Parasites vs the rule of law
I refer to the column 'Robbed blind by the copyright illusionists' (February 24), by Jake van der Kamp.
He misses the point, in fact the very name, of intellectual property. If, as he suggests, the price of goods should be based on quality and cost of manufacture alone, then how much would he expect to be paid for his column? After all, anyone, anywhere can type up a few hundred words and email them to the Post.
Intellectual property protection is economic incentive to carry out research, develop quality and innovate. Those things cost money and are subject to all the vagaries of economics (they suck in the monopolies and people who must be paid to do these jobs). If a top brand had no value there would be no interest in stealing it. But forget cost for a moment (as the columnist apparently has) and let me address his other point: why should we spend tax dollars to enforce overseas copyright? Three words: 'rule of law'. We have intellectual property laws in part to attract business and get reciprocal protection for our own products. Not that the laws are always right, but we do not enforce them for the benefit of the French fashionista. It is good business.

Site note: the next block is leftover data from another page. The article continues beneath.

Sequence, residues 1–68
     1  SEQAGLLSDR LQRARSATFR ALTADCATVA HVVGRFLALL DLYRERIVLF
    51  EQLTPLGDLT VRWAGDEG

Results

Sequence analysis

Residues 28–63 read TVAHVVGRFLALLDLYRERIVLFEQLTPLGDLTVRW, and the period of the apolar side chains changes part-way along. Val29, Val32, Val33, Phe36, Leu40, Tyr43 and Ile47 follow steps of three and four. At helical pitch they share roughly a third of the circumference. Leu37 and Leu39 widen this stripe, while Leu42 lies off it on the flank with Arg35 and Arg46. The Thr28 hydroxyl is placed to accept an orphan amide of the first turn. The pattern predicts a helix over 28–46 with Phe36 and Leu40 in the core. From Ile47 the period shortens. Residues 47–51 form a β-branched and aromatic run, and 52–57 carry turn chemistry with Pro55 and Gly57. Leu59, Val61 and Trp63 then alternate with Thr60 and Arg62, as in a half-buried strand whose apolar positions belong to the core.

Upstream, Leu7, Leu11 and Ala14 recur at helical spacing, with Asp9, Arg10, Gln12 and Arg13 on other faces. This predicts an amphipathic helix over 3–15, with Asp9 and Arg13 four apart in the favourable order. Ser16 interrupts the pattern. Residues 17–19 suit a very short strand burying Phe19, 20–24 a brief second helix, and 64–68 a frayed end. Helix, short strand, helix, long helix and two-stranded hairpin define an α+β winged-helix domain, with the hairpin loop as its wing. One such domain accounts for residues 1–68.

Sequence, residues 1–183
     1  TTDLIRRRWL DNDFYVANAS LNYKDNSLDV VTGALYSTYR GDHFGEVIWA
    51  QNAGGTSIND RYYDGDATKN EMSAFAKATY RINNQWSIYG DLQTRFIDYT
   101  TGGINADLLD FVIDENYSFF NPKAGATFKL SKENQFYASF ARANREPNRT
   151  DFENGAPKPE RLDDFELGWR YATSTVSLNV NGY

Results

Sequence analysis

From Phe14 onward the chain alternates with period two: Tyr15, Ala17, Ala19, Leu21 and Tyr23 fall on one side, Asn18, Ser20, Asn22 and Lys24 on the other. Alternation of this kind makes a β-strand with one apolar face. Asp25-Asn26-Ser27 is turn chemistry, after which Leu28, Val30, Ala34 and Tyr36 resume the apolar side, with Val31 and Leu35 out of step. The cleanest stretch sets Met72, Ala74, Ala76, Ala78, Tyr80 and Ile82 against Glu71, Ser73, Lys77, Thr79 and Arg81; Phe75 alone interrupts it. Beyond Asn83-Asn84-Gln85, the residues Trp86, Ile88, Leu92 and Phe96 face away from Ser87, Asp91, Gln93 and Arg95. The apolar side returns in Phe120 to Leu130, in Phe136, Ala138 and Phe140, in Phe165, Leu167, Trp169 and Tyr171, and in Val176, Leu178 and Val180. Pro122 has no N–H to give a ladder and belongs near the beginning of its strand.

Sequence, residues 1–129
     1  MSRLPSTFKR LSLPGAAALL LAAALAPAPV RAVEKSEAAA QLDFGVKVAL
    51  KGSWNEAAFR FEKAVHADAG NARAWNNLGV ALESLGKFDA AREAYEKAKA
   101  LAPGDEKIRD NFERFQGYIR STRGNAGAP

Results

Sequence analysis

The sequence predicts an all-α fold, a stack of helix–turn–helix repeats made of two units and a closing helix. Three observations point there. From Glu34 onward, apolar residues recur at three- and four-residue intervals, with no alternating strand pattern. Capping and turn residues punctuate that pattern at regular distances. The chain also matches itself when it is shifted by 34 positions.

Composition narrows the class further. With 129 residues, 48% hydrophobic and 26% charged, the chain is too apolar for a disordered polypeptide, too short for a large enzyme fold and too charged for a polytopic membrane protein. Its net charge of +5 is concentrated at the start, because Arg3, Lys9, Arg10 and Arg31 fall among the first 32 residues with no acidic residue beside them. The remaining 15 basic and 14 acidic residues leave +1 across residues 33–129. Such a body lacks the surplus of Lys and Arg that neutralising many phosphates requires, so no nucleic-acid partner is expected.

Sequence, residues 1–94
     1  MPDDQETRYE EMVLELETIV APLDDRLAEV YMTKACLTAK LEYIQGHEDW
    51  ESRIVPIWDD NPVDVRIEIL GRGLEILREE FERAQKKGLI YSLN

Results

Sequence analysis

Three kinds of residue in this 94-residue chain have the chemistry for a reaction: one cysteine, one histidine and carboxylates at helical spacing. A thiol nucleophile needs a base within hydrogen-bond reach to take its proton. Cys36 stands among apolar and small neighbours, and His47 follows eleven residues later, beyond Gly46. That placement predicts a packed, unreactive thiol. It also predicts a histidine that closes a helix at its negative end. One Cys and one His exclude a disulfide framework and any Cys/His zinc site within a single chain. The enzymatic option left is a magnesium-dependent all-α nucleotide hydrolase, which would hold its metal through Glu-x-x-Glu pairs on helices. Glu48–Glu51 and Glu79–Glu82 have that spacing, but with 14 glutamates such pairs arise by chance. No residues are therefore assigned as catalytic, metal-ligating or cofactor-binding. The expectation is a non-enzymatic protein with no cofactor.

The Robin Hood legend is essentially built on his personal integrity. International image is largely about attracting overseas business, is it not? In my opinion Hong Kong has done very well out of software piracy, for example. The population has achieved an expert skill base and a breadth of computer literacy that it almost certainly could never have afforded legally.
That is not, however, Robin Hood redressing social balance. It is parasitism and the trouble with being a parasite is that you only grow until your host ceases to tolerate you or you drown in the effluent you produce.
DANIEL CLARKE, Lamma Island